STEVEN ROBERTS: US could use a few more Americans | Opinion
WANTED: More Americans!
In a little-noticed announcement released over the holiday season, the Census Bureau reported that the US population grew by a miniscule 0.1% in the year ending July 1, 2021.
This is the lowest annual increase in our entire history, and this stagnation has very negative implications for the future of the nation.
“High population growth not only provides more workers to support the young and old; more people means more intellectual exchange, idea creation, entrepreneurship, and competition that result from the interaction of people in a free capitalist society,” states an editorial in the Washington Post. “National policy should promote vigorous population expansion.”
Yes it should, and there are basically two ways to do it. One is to make it more attractive for young parents to have babies. The pandemic has worsened the drop in births, but it has been worsening for a generation. Between 2007 and 2020, the national fertility rate – an estimated average of the number of children a woman will have in her lifetime – fell from 2.12 to 1.64. This is the lowest rate on record, and well below 2.1, the rate required to maintain a stable population.
Life expectancy has also fallen, another long-term trend “driven by factors such as drug overdoses, obesity, suicide and liver disease and which accelerated sharply over the past year. the pandemic,” the Post reports.
The second strategy is to boost immigration, which accounted for nearly two-thirds of the meager population increase last year but has been stifled by Donald Trump’s nativist hostility to foreigners. For example, only 11,814 refugees were admitted to the United States in fiscal year 2020, compared to nearly 100,000 arrivals in Barack Obama’s last year in office.
Population growth is a complex problem, subject to many unpredictable influences. Demographers at the Brookings Institution estimate, for example, that COVID-19 caused a shortfall of 60,000 fewer babies than expected — in the six months between October 2020 and February 2021 alone.
“Uncertainty is not good for fertility,” Phillip Levine, co-author of the report, told the Post. “You want to know that when you bring a child into the world, you’re going to bring the child into a safe and secure environment, and if you can’t predict that, that’s when (you might say), “Maybe this is not the right time.”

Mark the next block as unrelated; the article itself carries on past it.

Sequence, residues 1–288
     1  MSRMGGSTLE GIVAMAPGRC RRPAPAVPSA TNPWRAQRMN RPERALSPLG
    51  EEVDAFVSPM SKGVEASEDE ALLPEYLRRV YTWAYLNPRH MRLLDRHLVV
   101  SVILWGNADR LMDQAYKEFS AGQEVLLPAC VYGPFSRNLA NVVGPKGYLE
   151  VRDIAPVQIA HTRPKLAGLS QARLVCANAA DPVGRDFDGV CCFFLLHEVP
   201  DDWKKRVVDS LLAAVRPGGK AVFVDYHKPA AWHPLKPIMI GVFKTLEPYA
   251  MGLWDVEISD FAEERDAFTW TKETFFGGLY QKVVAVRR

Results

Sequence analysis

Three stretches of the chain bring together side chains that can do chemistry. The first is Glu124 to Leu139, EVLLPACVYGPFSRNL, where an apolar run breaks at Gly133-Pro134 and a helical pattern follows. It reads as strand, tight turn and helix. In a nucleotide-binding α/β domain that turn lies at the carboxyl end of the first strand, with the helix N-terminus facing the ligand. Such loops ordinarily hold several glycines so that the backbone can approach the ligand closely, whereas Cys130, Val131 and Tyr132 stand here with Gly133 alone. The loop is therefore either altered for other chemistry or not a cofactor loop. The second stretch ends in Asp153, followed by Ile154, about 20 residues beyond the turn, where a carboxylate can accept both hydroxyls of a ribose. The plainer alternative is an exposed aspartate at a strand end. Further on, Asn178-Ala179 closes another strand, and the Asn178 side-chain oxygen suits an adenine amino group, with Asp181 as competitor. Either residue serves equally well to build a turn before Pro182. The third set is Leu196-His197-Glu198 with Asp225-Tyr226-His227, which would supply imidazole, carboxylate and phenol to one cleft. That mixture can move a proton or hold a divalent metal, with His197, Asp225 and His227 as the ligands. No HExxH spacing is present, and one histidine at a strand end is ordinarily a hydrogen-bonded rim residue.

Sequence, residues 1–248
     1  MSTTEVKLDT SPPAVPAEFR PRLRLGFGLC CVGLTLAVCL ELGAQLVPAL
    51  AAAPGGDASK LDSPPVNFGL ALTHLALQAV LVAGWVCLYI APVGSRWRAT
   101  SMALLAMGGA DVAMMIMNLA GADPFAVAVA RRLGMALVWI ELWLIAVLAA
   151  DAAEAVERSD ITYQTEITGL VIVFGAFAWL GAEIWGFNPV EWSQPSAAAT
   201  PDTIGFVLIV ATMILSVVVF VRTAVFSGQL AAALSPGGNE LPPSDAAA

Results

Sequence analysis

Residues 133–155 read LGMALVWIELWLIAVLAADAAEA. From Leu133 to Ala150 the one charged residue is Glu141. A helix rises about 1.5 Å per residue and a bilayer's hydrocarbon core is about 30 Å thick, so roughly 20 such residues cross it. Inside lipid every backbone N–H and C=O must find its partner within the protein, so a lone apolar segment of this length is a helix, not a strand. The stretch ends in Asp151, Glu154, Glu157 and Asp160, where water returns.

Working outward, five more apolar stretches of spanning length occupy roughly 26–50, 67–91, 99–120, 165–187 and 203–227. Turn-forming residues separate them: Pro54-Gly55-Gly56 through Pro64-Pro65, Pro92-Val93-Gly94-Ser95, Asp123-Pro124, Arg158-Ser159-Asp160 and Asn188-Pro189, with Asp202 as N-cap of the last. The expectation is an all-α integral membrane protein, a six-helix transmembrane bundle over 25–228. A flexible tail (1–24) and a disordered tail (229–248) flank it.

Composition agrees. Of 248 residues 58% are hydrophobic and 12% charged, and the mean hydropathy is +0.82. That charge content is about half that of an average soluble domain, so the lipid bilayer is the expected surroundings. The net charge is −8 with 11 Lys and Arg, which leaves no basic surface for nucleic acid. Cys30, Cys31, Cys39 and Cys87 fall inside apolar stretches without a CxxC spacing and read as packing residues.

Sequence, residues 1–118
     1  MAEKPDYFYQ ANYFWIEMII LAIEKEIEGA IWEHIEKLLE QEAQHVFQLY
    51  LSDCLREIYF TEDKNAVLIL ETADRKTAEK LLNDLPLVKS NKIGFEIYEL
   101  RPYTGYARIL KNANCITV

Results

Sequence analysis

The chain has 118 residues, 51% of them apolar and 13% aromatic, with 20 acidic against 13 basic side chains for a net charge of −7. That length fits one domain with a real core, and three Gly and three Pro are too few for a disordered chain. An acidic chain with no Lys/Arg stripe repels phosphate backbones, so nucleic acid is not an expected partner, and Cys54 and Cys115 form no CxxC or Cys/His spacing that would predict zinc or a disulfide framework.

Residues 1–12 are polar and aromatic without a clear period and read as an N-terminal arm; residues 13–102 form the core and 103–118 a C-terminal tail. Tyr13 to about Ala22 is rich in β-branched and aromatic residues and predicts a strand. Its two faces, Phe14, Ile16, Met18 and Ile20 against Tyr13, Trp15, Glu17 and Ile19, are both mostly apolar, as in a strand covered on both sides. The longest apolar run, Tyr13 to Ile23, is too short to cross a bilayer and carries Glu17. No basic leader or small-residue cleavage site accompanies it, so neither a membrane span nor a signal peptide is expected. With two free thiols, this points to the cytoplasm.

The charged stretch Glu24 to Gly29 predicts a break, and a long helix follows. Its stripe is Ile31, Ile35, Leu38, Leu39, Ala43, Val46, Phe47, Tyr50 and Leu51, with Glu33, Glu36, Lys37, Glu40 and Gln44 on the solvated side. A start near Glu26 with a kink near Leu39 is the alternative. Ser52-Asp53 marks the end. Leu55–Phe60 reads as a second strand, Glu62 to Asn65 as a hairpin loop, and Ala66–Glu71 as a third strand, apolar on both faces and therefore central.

Public policies can have a limited impact on these deeply personal choices, but a starting point would be programs that make raising children less stressful and more engaging.
America lags far behind most other countries on this front, offering no paid leave for new parents. In contrast, the UK offers 39 weeks; Sweden, 68; the tiny Baltic country of Estonia, 82. Other innovations common elsewhere, from universal kindergarten to child care subsidies, would also help.
In the COVID-19 relief bill passed last year, an existing program of child tax credits was significantly expanded. Depending on the age of their children, parents received a monthly payment of $250 or $300 for each child from July to December, for a total amount of $3,000 or $3,600.
A Columbia University study estimates that the payments helped keep 3.7 million children out of poverty. Another survey by the Center on Budget and Policy Priorities found that low-income families spent 91% of those extra dollars on basic necessities like food, rent, clothing and school supplies. And yet, the program expired at the end of the year and was not renewed when President Biden’s Build Back Better bill was shelved by Congress.
“Few federal programs have had such a demonstrable impact in such a short time,” said Rep. Suzan DelBene of Washington, who leads a group of moderate House Democrats. “All of this underscores why we need to renew this benefit.”
On immigration, Biden has used executive orders to reverse some of Trump’s heavy-handed policies. For example, he instituted a measure of legal protection for young “Dreamers”, who were brought into this country illegally as children. Annual refugee quotas have been reduced to Obama-era levels of 125,000, and some backlogs in processing legal applications have been eliminated.
But the hangover of the Trump years still causes serious downturns. Basic structural reforms, such as legalizing the status of 11 million undocumented residents, require congressional approval. And all of Biden’s attempts to pass legislation have been thwarted by blind Republicans who fear newcomers will support Democratic candidates.
Population growth should be a vital national interest — supported by both sides. Everyone benefits from more babies, more workers, more taxpayers, more innovators, more job creators.